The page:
Almaty needs help

Sir - In your news item on Kazakstan (RG 12.96 p786) reference is made to the signature of a letter of intent for Skoda Plzen to rehabilitate the tramway networks in Almaty and Akmola. Some difficulty may be experienced in rehabilitating the Akmola network, as while Akmola has trolleybuses, it has never operated a tramway.

Even to rehabilitate the Almaty tramway would involve much effort. Since the end of the Soviet era, six of the nine routes have closed, and the fleet of 202 cars has diminished to about 55, of which only 36 are capable of operation on any one day. The condition of both vehicles and track is almost beyond redemption, and the local authority sees the future in terms of franchising urban motor bus routes for private sector operation.

That said, it is understood that certain issues have been discussed at central government level concerning Skoda's capabilities in the sphere of electric transport development, especially for Almaty. However, as yet there have been neither specific feasibility studies nor any business plans, nor has there been any discussion about the scale or apportionment of investment. Thus at present electric transport rehabilitation is little more than an idea, although it may gain some tangible shape when Skoda's delegation arrives in Almaty for negotiations.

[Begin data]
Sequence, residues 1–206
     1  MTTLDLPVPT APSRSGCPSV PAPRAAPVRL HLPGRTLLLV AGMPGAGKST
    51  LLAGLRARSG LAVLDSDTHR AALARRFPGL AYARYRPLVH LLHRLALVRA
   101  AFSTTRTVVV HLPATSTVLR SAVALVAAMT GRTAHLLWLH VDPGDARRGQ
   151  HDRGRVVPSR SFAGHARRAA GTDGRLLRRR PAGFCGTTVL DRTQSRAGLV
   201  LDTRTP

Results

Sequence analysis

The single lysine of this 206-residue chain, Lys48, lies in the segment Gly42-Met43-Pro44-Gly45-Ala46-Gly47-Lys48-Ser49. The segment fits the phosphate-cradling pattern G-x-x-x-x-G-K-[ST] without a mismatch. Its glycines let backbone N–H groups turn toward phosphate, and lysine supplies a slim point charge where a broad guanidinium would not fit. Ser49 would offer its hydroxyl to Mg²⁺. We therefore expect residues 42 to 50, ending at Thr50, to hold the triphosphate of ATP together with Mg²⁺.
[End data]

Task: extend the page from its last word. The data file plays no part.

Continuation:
Some sort of aid package would make sense, as Almaty currently holds the dubious distinction of being the world's only major city which is simultaneously abandoning its tramway and failing to open its metro (on which work ceased in 1993). The national and local authorities might be well advised to consider integrating the still physically intact tramway with the metro tunnels to create a San Francisco style subway-surface light rail network.

T V Runnacles

North Point, Hong Kong